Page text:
"Seven Pounds" a mix of heavyhearted and heavy-handed

No spoilers: Will Smith and Rosario Dawson in "Seven Pounds," a film with a jigsaw-puzzle story for viewers to fit together. We'll say no more.
No spoilers: Will Smith and Rosario Dawson in "Seven Pounds," a film with a jigsaw-puzzle story for viewers to fit together. We'll say no more.
Posted: December 19, 2008

Seven Pounds is one part jigsaw puzzle, one part The Giving Tree and both parts marinated in melancholy.

For most of the movie, its director Gabriele Muccino (The Pursuit of Happyness) offers shards of narrative, daring us to fit together the jagged pieces.

Which is also what his protagonist Ben Thomas (Will Smith, uncharacteristically heavy-hearted) is doing, only first he's picking them up.

In a forlorn voice-over, Ben says that while the Lord created the universe in seven days that he, Ben, destroyed his world in seven seconds.

The film offers glimpses of what Benworld looked like - a lushly landscaped Malibu villa overlooking the Pacific - while carefully withholding explanation of how it came to be shattered. (There will be no spoilers here.)

The movie spends the next 100 minutes working backward (also sideways and forward) until it divulges the Precipitating Incident, by which time it has thoroughly bewildered and/or alienated the better part of its audience.

Seven Pounds is an edgeless version of 21 Grams, a similarly themed and similarly fragmented film about casual and causal relations. In both films the narrative hopscotching has the unintended effect of impeding the audience from bonding with its characters.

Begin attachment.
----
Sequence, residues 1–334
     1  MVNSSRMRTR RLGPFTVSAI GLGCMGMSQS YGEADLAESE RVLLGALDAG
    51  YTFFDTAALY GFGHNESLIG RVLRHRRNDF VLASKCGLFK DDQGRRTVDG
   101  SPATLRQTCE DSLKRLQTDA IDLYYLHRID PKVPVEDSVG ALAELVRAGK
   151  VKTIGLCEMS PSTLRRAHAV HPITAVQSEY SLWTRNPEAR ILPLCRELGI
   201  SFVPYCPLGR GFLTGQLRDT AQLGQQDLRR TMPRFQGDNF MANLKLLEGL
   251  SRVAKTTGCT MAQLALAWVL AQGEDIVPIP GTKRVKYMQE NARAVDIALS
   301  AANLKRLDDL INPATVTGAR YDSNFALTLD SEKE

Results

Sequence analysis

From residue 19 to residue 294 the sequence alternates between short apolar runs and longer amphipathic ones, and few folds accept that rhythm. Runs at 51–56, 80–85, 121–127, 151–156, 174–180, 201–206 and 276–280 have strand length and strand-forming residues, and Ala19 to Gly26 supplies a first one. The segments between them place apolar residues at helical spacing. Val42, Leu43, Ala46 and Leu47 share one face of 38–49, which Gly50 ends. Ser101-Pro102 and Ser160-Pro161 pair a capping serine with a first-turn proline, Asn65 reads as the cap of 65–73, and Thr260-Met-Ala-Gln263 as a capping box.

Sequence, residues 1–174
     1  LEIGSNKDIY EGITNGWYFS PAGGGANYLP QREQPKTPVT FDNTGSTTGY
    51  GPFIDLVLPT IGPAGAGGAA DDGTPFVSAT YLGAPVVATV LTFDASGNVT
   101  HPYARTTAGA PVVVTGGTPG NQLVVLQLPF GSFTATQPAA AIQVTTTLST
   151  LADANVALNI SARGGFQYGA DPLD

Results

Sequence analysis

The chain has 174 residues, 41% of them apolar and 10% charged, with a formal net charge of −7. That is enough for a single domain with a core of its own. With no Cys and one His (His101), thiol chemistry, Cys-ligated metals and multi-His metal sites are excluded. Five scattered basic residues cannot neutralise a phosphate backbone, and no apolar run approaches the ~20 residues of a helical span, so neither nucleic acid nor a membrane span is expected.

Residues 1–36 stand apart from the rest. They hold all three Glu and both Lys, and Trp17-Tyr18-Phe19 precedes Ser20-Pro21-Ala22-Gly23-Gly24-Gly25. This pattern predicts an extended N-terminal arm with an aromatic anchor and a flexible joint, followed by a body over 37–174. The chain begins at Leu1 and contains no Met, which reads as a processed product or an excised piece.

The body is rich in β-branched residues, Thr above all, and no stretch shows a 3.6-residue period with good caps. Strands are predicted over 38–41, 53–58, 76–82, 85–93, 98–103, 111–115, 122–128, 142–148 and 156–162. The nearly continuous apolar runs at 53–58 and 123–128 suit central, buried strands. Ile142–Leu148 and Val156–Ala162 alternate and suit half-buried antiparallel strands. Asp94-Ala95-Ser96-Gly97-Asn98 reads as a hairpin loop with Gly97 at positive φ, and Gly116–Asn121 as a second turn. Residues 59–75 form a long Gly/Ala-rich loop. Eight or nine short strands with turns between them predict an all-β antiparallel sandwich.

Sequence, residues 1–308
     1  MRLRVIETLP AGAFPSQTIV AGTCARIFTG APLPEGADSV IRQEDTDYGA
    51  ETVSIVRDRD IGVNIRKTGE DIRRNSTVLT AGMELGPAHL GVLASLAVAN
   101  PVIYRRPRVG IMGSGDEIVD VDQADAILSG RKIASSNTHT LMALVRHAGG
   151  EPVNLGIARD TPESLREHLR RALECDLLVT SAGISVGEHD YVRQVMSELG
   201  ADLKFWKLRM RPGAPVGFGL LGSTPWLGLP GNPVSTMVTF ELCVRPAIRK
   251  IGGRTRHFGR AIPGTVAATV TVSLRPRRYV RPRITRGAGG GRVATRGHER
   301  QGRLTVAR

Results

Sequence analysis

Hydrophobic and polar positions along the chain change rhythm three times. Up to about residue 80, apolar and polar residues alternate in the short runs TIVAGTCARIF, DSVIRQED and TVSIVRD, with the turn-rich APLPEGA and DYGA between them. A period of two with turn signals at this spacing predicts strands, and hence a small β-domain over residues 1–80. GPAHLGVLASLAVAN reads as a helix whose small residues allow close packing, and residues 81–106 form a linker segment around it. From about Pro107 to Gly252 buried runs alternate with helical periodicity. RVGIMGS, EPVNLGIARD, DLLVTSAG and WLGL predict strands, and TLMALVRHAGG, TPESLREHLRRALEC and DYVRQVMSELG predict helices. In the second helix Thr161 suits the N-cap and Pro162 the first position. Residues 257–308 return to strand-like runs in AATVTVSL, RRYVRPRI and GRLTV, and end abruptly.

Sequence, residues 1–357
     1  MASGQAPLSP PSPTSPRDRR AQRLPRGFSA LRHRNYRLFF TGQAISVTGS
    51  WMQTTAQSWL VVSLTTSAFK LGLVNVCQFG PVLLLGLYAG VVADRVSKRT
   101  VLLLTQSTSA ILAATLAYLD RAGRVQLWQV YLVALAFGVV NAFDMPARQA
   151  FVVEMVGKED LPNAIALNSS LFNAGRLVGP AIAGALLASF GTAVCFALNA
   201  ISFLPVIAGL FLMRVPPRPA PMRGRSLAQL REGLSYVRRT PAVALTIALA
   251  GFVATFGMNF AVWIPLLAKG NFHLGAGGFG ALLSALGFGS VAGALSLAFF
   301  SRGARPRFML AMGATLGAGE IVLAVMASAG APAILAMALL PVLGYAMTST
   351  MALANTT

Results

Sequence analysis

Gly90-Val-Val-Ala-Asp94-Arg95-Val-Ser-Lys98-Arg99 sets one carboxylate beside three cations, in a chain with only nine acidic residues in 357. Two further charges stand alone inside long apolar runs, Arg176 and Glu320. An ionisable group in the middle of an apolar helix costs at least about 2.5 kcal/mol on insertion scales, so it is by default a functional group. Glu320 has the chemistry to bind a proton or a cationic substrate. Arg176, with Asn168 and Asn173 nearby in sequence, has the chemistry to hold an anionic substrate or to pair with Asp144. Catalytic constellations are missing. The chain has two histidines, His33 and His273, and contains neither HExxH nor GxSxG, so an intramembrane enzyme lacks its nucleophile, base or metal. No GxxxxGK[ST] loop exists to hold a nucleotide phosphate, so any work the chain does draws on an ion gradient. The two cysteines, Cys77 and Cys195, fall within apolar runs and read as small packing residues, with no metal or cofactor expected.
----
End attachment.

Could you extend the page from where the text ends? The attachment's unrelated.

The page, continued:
All the moviegoer knows is that Ben, evidently an auditor for the Internal Revenue Service, has a caseload of delinquents with medical issues. And that his work has taken him to a forlorn motel in the San Fernando Valley, light years from that fabulous Malibu villa.

One of Ben's cases is ethereal Emily Posa (Rosario Dawson, a beauty with compromised health, like her character Mimi in Rent), who has congestive heart failure.

The film's most engaging sequences (and the only ones told in straightforward narrative) are those where Ben investigates Emily and, like the rest of the audience, finds her irresistible. Smith and Dawson previously co-starred in Men in Black 2 and have a nice way of looking both starry-eyed and wise-eyed when they're together.

So, yes, Seven Pounds is, in part, a romance. The love story is not limited to that between Ben and Emily but additionally - and self-importantly - incorporates that between a penitent and his self-prescribed penance.

It is hard to write about Seven Pounds while preserving its narrative surprises. So I will say only this: For me, the film's melodramatic messianism overwhelmed its excellent question: How do we atone for our wrongs? Narratively, morally, cinematically, Seven Pounds is a case study in overkill.


Seven Pounds **(Out of four stars)

Directed by Gabriele Muccino, written by Grant Nieporte, photography by Philippe Le Sourd, music by Angelo Milli, distributed by Sony Pictures. With Will Smith, Rosario Dawson, Woody Harrelson and Michael Ealy.

Running time: 1 hour, 53 mins.

Parent's guide: PG-13 (thematic material, discreet sexuality)

Showing at: area theaters


Contact movie critic Carrie Rickey

at 215-854-5402 or crickey@phillynews.com. Read her blog, Flickgrrl, at http://www.philly.com/philly/blogs/flickgrrl/

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